Digital Editor, The Fabricator
If there’s been one constant for metal manufacturers and fabricators throughout the past four months of the COVID-19 crisis, it’s been this: optimistic uncertainty.
Between shops deemed essential enough for production and shops forced to temporarily suspend operations, manufacturing experiences during the pandemic have run the gamut. But when looking toward the future – near and far – for what it means for the industry, there is a mostly shared ambivalence.
That’s according to feedback from more than 110 manufacturing and metal fabrication businesses. Fabricators & Manufacturers Association (FMA) conducted a monthlong online survey between May 15 and June 15 to gauge how the pandemic is affecting the industry.
According to the survey, nearly half (47%) of the 113 respondents said their shop is unsure if manufacturing will rebound during the summer, 30% think the industry will revive quickly, while 23% don’t think it will bounce back in the next few months.
Prevalent uncertainty is reinforced by significantly flatlined production and revenue. The survey also shows that despite 87% of respondents saying that their operations were considered essential enough to stay open, 85% reported that their businesses haven’t seen any growth since COVID-19 began shutting down the economy. And 79% said that production has slowed or completely stopped.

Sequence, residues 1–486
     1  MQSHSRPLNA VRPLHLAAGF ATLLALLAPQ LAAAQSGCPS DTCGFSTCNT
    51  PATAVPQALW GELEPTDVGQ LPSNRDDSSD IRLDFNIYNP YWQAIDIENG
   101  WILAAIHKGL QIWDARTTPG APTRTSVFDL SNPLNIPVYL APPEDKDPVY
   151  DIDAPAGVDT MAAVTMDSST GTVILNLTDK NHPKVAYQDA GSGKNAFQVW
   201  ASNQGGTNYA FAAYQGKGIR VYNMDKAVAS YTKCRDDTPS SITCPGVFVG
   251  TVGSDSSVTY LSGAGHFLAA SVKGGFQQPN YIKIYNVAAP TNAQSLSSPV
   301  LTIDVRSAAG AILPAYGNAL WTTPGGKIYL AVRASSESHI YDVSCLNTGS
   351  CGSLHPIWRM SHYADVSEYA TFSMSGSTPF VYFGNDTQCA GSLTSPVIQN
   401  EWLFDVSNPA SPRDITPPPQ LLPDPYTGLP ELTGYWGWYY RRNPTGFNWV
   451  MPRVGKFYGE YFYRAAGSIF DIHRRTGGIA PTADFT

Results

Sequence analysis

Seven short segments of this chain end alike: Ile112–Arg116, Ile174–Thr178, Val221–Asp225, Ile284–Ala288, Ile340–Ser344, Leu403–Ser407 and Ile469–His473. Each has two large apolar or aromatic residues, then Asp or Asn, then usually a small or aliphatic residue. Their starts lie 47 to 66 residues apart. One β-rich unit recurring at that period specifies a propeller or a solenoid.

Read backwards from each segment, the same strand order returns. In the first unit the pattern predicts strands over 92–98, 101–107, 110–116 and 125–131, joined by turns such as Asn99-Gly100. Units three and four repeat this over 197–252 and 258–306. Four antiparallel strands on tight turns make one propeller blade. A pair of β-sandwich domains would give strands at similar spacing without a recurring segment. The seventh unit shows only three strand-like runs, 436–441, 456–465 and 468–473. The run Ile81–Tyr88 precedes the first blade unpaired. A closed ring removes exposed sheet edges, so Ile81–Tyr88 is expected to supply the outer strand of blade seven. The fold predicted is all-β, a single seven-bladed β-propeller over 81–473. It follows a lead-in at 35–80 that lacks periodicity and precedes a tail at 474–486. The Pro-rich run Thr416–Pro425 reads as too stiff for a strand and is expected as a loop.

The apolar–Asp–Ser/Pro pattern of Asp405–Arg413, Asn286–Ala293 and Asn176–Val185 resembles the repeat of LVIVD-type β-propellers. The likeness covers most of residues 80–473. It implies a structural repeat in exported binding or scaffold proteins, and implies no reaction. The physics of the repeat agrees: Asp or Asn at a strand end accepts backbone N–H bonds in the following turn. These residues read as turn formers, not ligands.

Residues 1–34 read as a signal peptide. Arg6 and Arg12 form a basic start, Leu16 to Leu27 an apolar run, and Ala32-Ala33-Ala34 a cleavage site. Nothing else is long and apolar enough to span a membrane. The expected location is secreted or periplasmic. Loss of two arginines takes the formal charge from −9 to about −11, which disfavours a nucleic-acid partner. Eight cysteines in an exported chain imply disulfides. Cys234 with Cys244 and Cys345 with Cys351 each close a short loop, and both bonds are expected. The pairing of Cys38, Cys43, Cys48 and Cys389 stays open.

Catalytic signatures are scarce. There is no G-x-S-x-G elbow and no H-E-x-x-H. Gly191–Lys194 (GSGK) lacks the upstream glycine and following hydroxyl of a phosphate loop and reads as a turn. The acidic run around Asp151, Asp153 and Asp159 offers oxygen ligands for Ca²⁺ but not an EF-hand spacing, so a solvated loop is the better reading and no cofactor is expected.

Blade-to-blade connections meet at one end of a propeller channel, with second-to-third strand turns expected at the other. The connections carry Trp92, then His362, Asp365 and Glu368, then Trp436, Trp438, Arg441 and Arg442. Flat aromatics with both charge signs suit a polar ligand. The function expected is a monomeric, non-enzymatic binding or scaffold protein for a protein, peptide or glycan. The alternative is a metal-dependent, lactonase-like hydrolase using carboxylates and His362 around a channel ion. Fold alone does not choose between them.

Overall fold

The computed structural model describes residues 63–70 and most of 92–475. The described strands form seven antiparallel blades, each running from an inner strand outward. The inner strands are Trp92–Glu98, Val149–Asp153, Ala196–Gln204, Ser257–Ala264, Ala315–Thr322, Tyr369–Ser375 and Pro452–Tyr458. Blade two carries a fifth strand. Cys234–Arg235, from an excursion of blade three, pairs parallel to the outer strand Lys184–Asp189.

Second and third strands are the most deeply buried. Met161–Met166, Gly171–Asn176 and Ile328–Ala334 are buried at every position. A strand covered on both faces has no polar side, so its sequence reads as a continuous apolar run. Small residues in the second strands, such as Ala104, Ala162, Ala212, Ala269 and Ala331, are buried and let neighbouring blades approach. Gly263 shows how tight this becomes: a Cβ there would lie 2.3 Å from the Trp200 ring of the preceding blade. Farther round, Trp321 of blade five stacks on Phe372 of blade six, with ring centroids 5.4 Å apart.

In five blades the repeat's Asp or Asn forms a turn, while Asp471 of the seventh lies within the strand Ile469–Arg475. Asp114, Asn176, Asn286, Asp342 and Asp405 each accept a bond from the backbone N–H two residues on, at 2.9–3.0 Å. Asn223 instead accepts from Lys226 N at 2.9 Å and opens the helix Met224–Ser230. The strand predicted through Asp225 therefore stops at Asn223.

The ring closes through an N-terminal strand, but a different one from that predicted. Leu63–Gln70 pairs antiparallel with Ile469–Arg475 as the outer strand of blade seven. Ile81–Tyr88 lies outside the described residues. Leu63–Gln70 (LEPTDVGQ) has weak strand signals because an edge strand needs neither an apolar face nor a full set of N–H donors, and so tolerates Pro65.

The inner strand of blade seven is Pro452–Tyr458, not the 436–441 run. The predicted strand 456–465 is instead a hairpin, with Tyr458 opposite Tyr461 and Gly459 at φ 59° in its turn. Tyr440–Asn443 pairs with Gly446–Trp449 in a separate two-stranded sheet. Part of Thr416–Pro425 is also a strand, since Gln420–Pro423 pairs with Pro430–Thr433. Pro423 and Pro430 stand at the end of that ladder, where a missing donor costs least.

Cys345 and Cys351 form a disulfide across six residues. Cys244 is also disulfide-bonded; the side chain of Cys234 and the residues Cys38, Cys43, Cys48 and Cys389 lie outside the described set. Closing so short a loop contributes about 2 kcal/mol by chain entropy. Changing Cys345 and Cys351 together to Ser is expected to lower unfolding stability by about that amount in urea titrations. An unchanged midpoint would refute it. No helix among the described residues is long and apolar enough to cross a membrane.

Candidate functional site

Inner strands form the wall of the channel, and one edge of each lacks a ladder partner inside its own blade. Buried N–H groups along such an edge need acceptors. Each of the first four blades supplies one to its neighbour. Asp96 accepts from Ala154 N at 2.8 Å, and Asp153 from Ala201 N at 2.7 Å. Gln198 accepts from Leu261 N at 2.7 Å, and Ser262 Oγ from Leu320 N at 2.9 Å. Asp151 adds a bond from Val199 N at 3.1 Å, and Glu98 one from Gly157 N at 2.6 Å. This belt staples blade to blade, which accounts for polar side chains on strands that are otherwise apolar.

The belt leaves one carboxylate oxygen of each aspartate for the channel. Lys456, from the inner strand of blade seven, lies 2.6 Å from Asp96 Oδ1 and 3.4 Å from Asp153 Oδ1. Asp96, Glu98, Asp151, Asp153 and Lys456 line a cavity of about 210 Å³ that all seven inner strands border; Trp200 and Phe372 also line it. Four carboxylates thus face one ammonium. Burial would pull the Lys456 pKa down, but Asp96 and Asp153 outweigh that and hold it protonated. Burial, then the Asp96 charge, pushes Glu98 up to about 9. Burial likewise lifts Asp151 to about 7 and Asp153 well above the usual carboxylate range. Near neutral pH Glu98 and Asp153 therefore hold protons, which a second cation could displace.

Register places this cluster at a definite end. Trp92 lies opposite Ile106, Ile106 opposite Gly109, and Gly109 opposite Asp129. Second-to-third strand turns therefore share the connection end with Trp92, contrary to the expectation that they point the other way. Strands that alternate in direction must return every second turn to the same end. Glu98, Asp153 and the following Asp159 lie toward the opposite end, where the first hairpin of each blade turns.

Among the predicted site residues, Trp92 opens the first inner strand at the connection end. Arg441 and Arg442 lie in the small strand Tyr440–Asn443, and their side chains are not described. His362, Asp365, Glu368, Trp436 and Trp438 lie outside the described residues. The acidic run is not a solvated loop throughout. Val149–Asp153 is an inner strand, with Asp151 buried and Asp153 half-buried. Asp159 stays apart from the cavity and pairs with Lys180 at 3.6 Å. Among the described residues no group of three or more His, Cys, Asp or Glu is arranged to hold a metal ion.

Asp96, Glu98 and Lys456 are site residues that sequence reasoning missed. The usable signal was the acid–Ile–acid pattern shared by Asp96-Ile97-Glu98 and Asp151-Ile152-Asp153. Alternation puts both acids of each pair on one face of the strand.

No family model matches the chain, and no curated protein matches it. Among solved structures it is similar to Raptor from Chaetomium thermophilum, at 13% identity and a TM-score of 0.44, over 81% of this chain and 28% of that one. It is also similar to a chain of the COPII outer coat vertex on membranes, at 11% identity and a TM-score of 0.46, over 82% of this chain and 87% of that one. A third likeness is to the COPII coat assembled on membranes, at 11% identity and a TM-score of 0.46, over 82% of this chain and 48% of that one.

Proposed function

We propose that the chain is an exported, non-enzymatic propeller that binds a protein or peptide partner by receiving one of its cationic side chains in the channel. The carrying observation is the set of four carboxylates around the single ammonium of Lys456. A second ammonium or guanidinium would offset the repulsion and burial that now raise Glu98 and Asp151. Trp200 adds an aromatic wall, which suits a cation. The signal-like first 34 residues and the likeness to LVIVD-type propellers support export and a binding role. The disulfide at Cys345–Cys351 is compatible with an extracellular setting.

In turn, the lack of production and revenue has had a domino effect on the ability for some shops, like Ferndale, Mich.-based Progressive Metal Manufacturing, to maintain a workforce. The Detroit-area metal parts manufacturer never shut down during the crisis, but it did suspend its worker attendance policy.
“Our major hiccup is getting our employees back to work,” Progressive Metal CFO Eric Borman said in an email. “We had high hopes of coming up to speed with no issues. Unfortunately, once we reinstated the policy, about 10% to 15% of our workforce just either never showed back up for work or had such bad attendance that we had to terminate them. With 20% unemployment, we hope to find those impossible positions.”
Chris Kuehl, FMA economic analyst and founder of Armada Corporate Intelligence, said the industry’s economic health depends on the manufacturing sector.
“If they're pointing toward the medical side, they're doing fine,” Kuehl said during an FMA webcast in May. “If they are pointing toward aerospace, they're doing miserably. If they're pointing toward automotive, they're hanging on for dear life and hoping that the consumer comes back and decides to start buying vehicles again.”
But, much like we’ve seen with the rest of the country, as summer has crept in, so has confidence regarding the coronavirus. Many states have phased in looser guidelines, allowing the economy to start finding its footing again. And that was reflected by manufacturers when taking a closer look at the survey. During the final half of May, 55% of respondents expressed they were unsure how the industry would rebound. Then, in the first half of June, that number dropped to 37%, with 39% saying that manufacturing will presumably bounce back this summer.
“Presumably” is the critical word, said Kuehl.